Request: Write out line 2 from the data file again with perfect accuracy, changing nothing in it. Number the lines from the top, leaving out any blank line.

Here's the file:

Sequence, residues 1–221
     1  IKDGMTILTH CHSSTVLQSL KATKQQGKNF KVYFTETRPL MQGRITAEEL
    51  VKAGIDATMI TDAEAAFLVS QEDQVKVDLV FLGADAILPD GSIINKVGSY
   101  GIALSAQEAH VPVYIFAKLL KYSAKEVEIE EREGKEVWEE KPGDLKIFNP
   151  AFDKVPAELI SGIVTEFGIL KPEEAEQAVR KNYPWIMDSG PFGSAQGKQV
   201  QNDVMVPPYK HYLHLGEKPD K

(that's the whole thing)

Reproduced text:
     1  IKDGMTILTH CHSSTVLQSL KATKQQGKNF KVYFTETRPL MQGRITAEEL